- The meaning and history of the Brays Oaks Logo:
- The oak tree represents strength.
- The many tree branches symbolize all the community partners.
- The deep tree roots represent the deep commitment to community and stability of community members living in the area for many, many years.
- The water reflects the Brays Bayou flowing through the community and its distintive physical presence.
- The yellow sun with its beaming rays reflects the community’s commitment to its revitalization.
The Brays Oaks Management District (BOMD), sometimes called an Improvement District, finances projects related to public transportation & mobility, community safety, beautification, parks and green space land management, economic development and related issues. The District provides a means by which the community can leverage local resources, public and private, to secure additional services and funding, gain political strength, and improve quality of life. By doing so, the District is able to provide a positive influence in shaping the future growth of the community for those who live, own property, work, and attend school within the District.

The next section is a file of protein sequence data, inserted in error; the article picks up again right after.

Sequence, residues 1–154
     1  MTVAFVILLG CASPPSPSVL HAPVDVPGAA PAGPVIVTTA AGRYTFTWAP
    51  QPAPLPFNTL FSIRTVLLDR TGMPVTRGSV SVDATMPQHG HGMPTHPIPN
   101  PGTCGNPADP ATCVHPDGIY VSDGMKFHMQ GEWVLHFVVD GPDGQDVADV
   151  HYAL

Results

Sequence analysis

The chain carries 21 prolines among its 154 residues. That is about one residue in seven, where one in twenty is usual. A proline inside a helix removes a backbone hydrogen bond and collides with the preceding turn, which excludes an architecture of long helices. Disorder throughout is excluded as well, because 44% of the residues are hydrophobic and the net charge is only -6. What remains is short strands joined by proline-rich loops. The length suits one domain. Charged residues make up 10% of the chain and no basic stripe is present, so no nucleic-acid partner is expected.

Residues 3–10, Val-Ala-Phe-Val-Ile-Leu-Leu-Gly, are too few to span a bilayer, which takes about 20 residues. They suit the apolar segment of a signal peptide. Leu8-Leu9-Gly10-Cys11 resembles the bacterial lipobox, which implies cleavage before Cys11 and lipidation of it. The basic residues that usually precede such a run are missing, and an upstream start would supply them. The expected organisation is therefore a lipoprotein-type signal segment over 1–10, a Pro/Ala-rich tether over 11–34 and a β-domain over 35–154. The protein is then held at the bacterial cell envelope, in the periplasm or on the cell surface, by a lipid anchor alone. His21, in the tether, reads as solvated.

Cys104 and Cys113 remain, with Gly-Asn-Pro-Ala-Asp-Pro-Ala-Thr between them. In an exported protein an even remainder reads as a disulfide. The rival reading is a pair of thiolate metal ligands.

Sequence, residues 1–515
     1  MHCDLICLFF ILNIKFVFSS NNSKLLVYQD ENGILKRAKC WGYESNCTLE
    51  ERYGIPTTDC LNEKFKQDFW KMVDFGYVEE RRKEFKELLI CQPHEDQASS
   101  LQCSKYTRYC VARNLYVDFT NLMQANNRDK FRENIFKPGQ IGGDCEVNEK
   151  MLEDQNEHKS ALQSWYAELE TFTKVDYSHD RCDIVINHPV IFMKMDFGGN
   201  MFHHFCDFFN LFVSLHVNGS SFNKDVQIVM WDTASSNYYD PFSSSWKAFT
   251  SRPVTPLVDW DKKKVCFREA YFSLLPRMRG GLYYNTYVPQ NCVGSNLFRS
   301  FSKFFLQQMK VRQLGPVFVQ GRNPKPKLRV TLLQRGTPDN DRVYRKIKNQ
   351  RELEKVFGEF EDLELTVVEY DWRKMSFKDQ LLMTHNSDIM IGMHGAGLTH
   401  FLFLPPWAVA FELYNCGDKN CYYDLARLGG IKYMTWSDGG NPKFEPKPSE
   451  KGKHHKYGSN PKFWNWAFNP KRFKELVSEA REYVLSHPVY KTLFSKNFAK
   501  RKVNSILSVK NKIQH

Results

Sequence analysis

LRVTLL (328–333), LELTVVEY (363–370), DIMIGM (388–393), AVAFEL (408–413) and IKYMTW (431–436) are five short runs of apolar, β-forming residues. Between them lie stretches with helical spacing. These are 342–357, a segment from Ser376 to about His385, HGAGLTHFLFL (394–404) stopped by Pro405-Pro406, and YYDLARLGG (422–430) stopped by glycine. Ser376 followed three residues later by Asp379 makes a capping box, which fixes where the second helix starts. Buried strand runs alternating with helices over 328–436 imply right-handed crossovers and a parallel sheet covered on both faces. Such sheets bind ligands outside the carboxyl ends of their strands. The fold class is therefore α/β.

The District was created in 2005 by the Texas Legislature and consists of approximately 2,700 households and over 73,000 residents. Originally part of oil tycoon Walter Fondren’s Ranch, Brays Oaks is one of Houston’s most accessible communities with a mixture of families, culture and commercial businesses this neighborhood has become a popular place to live as well as work. The District covers approximately 15 sq miles centering on the former Greater Fondren Southwest area of Houston. The boundaries are from S. Post Oak on the east to US 59 on the west; Bissonnet is the northern boundary and US 90A/Main Street our southern edge. The District is entirely in Houston and Harris County, Texas.
BOMD provides programs and services in accordance with its published Service Plan. The District is funded through 10 cents per hundred-dollar property value assessment on commercial properties only. No residential property or exempt property is assessed. The Services are supplemental to those offered by the City of Houston, Harris County, and other units of government.
An 11-member, all volunteer, board of directors, consisting of area commercial and apartment property owners and civic leaders living in the District governs the BOMD. The members are appointed by the Houston City Council.